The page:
To learn about the first coffee in our latest Short Stories series, you have to travel to the headquarters of the Villa Esperanza co-operative in the beautiful town of Guadalupe. Here you’ll find coffee producer Rodrigo Figueroa, who is both a member of the co-op, and in charge of its deliveries and logistics.
A producer with a farm a bit larger than the Colombian average, Rodrigo runs his business with an eye for both efficiency and quality, merging innovations in technology and techniques with hands on experience and knowledge passed down through generations.
When I visited Rodrigo at the co-operative they were in full swing; receiving parchment from their members, weighing the bags, sampling each one with a sharp, long trier, logging and recording all details in order to trace lots and distribute payments according to amount and quality.
The pace of the team unloading trucks was impressive, especially on a hot afternoon when they were faced with what seemed an endless stream of cars and even buses pulling up full of coffee sacks. In spite of the busy stream of people, he welcomes me with a big smile and a firm, enthusiastic handshake, and takes the time to show me around the place.
He talks fast and laughs a lot, with a cheeky glimmer in his eye while always keeping watch over his crew. He has the confidence of someone with a lifetime in the industry combined with the excitement of someone who still has lots he wants to accomplish and achieve before he can slow down and eventually retire.
Walking around the facility I was able to see the patios that they use to finish drying some of the lots and the sorters they use to grade the coffee by size. Having access to all this equipment means Rodrigo can do a lot of experiments with his coffee, and while his farm is both the largest and lowest of the farms in our short stories this time, he can customise the processing and sorting of his lots to really highlight and elevate the quality of his very best beans.
His farm El Recuerdo – ‘The Memory’ – is a short drive outside of town with good road access and easy terrain within the farm, handy when you’re moving a lot of volume and rely on your staff members to manage your operation for you.
The farm itself has a long history and both Rodrigo and his brother have been involved in the running of it since they were young men. Over time Rodrigo wanted to focus more on the running of the co-operative and the dry mill, basing himself in town and hiring managers to look after the daily administration of his farm.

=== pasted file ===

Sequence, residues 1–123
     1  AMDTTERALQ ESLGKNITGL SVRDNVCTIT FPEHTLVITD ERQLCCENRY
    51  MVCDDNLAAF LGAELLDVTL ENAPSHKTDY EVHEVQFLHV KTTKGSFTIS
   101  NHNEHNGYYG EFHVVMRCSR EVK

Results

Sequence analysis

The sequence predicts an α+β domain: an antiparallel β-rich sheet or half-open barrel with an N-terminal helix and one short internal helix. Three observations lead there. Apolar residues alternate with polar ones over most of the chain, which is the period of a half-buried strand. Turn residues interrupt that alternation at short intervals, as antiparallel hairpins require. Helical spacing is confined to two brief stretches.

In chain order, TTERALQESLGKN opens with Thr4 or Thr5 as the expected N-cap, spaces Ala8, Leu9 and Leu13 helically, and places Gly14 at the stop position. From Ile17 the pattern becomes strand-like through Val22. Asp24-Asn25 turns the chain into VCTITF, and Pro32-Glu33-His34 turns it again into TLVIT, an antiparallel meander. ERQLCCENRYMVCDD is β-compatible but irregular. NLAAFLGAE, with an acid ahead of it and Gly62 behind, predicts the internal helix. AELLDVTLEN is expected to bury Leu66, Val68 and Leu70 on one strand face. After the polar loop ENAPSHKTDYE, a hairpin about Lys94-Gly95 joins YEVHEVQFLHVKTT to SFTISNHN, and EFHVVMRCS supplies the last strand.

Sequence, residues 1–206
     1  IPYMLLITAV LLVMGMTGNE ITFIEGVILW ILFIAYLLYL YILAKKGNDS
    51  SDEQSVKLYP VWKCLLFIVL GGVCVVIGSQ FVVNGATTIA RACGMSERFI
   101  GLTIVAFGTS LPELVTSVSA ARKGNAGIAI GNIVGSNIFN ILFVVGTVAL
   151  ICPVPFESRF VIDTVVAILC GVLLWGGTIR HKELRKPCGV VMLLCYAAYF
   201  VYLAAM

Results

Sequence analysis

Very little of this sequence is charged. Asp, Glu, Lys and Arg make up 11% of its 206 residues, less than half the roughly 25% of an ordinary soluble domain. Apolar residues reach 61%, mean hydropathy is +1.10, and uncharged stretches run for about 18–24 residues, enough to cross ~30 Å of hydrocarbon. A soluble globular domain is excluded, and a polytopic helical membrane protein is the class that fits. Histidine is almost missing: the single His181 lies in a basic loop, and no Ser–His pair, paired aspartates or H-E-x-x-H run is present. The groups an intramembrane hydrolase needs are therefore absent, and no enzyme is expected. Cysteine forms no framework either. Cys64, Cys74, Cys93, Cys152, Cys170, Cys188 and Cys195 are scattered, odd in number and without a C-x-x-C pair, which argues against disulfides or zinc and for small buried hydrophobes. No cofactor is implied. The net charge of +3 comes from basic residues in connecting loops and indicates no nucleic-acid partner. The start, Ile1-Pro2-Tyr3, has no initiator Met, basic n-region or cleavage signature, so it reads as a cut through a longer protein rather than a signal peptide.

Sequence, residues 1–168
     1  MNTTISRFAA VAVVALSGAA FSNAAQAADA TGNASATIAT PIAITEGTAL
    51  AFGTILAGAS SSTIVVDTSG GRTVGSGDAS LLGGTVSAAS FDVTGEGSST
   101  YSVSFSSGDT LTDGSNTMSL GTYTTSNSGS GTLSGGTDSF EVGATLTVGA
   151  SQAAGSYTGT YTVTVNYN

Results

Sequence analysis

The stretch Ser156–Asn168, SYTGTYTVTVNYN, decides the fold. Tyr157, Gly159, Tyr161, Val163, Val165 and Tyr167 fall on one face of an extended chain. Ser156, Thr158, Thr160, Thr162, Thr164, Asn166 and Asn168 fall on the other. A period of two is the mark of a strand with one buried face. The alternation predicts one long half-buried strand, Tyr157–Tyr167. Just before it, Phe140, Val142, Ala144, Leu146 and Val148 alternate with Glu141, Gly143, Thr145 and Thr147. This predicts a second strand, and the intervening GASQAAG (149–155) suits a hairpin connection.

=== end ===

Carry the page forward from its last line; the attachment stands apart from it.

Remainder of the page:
Recently, he promoted long time employee Doñ Jesus to be the farm manager, so it was he who showed me around and walked the farm with me. Doñ Jesus goes to the farm two to three days a week, and coordinates the purchasing of materials, fertilisers and other supplies needed, overseeing the harvest and year round management plan.
He has a right hand man in Doñ Miller, who serves as the ‘mayordomo’ of the farm, looking after the workforce and making sure daily, weekly and monthly tasks happen on target, to the standards required, and that daily routines are kept up.
The sense of teamwork in a small tightly knit group is strong, even Miller’s wife works as the onsite cook, keeping the staff fuelled with rich, delicious meals every day. They intercrop the coffee with various food plants such as maize and bananas, so a lot of the meals are cooked with ingredients they produce themselves.
Walking the farm I was impressed by the healthy looking trees, the generous amount of shade trees planted and how well organised the planting and tree management seemed to be. With some nine hectares of 24,000 caturras and 12,000 Colombia F6 coffee trees it’s a big task to schedule all the jobs that need to happen throughout the year. During the busy harvest period the logistics of getting coffee picked at the best time, processed correctly and moved through the various tanks and patios in a timely manner is both an art and science.
To better cope with the amounts of coffee the farm produces, and also to raise quality, Rodrigo is building a new wet mill onsite. An impressive looking structure about halfway to completion, the mill will allow him to improve processing so that he can continue to up the quality of his harvests. In combination with the planned regeneration of some of the plots, replacing older trees with younger, more vigorous plants, the future for Rodrigo and his farm is looking bright indeed.
I’m excited to start this series of Short Stories with the El Recuerdo from Doñ Rodrigo, a great example of a delicious coffee from a larger than average Colombian farm, an experienced producer with a strong focus on quality as well as technology, and a taste profile combining the softness and sweetness of a coffee grown at 1,600m with the clarity and clean cup of skilful processing.
For more information on Rodrigo Figueroa’s coffee, including tasting notes and a brew guide, you can visit our Short Stories website.
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